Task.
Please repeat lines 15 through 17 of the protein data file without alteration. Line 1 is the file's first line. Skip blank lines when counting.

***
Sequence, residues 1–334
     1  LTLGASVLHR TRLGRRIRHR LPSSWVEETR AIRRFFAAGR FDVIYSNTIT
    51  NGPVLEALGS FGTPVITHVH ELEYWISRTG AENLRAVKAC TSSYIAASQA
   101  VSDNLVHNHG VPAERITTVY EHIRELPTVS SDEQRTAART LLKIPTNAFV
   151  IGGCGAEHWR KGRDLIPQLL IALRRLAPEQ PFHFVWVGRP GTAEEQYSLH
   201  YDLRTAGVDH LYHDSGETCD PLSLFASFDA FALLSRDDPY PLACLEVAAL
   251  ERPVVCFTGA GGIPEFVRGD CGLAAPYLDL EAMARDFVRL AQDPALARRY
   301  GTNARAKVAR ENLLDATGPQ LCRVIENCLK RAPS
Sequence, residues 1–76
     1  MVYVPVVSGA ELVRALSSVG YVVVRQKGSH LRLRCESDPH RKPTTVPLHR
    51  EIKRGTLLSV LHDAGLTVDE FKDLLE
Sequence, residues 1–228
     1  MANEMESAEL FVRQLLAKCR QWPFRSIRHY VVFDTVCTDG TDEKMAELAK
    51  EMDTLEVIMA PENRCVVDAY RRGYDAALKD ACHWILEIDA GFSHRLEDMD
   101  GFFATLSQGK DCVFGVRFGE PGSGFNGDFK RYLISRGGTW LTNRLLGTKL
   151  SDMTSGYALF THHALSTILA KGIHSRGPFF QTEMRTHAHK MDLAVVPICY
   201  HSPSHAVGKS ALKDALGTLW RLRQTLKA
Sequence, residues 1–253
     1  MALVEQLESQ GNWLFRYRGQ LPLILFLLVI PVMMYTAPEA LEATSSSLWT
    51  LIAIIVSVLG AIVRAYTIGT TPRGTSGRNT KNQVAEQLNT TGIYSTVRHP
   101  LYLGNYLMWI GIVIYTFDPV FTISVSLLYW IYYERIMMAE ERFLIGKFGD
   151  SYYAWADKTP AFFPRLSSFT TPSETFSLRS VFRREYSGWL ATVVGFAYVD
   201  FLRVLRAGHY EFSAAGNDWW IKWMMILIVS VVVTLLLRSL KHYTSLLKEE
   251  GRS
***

   101  GFFATLSQGK DCVFGVRFGE PGSGFNGDFK RYLISRGGTW LTNRLLGTKL
   151  SDMTSGYALF THHALSTILA KGIHSRGPFF QTEMRTHAHK MDLAVVPICY
   201  HSPSHAVGKS ALKDALGTLW RLRQTLKA